Deirdre working out how to fix the shower mixer. We weren’t successful in fixing this and so called in the plumber.


With all the walls, base and plumbing done it was time for the ceiling. Much as with the bus this turned out to be the hardest part to install. The original plan was to install each of the 3m plasterboard pieces 1 by 1. This proved to be too hard to manoeuvre so we cut them to shorter length. We attempt to install one piece unsuccessfully. Eventually we cut it shorter and we were able to lift it and attach. Using clamps we on one end and one person holding we screwed it into place. Over the course of the afternoon we then installed the rest of the roof pieces.


Adding the roof ceiling, the clamps a needed extra pair of hands.

We even made sure to put a whole for the light to come through.


Ceiling and shower screen installed.

Next up we need to fix all the gaps and then start painting. After that it’s lights and exhaust fan. Hopefully by the end of the month we will have it complete.

Fermenting, our hearts content: fire tonic, ginger beer and other frothy goodness

It’s a wet windy morning today. Difficult day to work outside but the perfect opportunity to catch up on some blogging. In light of the weather I thought I’d blog on some of the fermenting and other things bubbly we’ve been up.

Fire Tonic (fire cider, master tonic)

A hot ginger chilly apply drink. Perfect little shots to warm you up. Fire tonic the appropriate name. This has been part of our morning routine the last few weeks. We’re hoping it’ll fight off any cold for the coming months. I’ll let you know in Spring how affective that is.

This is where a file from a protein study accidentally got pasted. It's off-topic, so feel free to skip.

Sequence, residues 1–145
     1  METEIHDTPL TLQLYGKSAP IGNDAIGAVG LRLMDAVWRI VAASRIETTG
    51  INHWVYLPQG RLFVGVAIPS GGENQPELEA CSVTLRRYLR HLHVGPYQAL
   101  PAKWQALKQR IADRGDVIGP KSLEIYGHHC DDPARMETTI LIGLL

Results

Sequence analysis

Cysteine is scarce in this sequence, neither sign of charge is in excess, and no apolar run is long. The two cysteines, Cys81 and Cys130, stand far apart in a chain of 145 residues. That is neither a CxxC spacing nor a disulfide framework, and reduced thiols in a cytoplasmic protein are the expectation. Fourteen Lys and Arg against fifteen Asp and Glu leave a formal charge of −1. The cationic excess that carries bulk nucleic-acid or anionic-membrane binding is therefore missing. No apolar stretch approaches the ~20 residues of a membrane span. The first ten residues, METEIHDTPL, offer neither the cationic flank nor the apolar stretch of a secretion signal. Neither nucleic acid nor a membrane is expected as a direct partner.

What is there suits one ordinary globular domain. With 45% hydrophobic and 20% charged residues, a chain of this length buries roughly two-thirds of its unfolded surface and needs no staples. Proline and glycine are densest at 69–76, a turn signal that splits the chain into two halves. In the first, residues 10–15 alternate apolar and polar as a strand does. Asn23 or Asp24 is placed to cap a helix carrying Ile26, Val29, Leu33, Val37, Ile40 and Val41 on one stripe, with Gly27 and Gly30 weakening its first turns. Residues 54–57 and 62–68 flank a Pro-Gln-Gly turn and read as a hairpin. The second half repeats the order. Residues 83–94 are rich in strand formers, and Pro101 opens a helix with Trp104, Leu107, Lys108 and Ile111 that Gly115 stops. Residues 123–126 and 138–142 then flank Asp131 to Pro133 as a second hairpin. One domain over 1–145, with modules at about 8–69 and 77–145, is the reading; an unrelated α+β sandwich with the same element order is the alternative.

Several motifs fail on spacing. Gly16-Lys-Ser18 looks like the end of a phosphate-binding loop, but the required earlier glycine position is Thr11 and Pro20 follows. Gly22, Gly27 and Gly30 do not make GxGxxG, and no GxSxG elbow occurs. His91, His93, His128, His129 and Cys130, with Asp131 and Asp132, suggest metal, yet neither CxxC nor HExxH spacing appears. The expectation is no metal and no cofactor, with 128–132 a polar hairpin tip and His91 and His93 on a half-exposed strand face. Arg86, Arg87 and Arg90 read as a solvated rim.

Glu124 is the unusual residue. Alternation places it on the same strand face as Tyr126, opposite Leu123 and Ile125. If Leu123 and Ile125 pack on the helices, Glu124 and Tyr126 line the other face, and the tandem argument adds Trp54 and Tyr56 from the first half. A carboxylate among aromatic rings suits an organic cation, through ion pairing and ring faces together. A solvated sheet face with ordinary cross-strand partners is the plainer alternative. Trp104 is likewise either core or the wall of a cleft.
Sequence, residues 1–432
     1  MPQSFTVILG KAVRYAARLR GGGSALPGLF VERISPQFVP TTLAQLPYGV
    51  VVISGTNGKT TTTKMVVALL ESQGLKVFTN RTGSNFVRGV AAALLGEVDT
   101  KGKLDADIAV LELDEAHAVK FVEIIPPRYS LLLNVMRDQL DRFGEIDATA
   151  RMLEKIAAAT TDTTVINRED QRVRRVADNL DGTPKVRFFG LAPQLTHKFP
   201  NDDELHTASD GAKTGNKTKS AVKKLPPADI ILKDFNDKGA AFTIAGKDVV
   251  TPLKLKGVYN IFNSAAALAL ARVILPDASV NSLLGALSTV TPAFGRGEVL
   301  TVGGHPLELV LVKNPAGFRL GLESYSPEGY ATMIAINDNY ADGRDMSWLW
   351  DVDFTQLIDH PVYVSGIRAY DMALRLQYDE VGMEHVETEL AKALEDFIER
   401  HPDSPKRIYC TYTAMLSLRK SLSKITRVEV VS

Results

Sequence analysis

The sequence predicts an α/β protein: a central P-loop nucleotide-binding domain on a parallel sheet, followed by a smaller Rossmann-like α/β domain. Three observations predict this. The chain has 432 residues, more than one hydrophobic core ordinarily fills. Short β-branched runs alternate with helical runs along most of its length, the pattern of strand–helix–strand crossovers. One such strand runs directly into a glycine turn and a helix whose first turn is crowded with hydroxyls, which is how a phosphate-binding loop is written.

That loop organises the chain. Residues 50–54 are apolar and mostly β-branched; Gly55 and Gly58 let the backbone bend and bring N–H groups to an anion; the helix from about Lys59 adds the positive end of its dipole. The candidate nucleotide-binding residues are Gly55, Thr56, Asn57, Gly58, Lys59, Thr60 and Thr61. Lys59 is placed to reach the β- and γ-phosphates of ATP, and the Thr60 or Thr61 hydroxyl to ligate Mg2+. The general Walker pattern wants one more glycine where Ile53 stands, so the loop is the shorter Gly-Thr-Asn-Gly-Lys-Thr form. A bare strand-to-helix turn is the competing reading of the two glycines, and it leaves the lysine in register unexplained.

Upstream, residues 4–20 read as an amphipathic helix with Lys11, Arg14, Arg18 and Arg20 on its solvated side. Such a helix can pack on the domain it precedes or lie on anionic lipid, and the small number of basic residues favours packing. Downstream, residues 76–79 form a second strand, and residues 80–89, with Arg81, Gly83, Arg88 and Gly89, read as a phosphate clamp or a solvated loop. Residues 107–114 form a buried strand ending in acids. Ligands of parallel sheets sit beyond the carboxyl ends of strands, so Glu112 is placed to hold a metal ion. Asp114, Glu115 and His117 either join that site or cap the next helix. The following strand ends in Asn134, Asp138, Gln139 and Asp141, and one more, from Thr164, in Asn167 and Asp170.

In terms of fermenting it’s surprisingly easy to make. The ingredients being some apple cider vinegar with active mother, some onion, some ginger, some garlic and some chilli. All organic to ensure the are active. We made our using adopting recipe from milkwood permaculture.



500ml bottle of Willie Smith Organic Apple Cider

3-4 red chillies

1 big onion

3-4 gloves of garlic

5cm piece of organic ginger


  1. Cut all your fresh ingredients into largish chunks and add to a jar.
  2. Add cider vinegar to jar of chilli, ginger, onion and garlic. Put on lid and leave for 2-3 weeks shaking the jar or so. Taste the connocotion after 2 weeks to see if it has the heat you need.
  3. When deemed ready pour the jar content through a strainer and store in a jar. We used an old bourbon jar we’d got from a former neighbour for ours. You can also then use the discard ginger, chilli, garlic and onion to make a dahl.